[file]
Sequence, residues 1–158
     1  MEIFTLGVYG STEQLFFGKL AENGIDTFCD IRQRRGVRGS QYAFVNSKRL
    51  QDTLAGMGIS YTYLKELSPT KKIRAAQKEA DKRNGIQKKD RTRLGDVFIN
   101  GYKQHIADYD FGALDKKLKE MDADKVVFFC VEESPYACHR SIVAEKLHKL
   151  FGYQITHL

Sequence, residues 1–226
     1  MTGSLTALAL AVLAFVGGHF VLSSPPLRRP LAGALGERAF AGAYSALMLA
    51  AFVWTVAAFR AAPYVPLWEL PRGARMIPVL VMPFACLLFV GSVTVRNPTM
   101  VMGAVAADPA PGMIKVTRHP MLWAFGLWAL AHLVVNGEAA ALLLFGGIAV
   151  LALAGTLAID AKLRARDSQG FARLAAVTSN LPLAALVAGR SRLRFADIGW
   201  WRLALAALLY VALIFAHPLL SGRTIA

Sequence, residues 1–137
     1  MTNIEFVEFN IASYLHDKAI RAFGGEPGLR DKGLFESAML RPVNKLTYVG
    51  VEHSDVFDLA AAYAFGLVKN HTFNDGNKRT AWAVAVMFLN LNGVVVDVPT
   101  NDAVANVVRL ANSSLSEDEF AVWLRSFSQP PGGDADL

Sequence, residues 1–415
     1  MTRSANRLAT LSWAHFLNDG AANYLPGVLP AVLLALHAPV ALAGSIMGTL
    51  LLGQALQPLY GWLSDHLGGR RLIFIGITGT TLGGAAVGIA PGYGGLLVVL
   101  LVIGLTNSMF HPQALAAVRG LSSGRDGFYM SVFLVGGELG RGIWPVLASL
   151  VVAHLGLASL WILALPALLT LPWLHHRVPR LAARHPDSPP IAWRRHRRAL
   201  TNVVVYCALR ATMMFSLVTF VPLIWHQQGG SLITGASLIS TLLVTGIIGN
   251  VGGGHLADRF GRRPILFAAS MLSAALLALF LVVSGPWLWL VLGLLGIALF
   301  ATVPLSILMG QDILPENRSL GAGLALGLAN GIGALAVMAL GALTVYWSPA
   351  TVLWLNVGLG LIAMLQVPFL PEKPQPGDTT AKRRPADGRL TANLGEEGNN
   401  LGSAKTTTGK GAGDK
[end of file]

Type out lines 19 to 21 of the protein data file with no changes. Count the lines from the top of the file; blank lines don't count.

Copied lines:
   101  LVIGLTNSMF HPQALAAVRG LSSGRDGFYM SVFLVGGELG RGIWPVLASL
   151  VVAHLGLASL WILALPALLT LPWLHHRVPR LAARHPDSPP IAWRRHRRAL
   201  TNVVVYCALR ATMMFSLVTF VPLIWHQQGG SLITGASLIS TLLVTGIIGN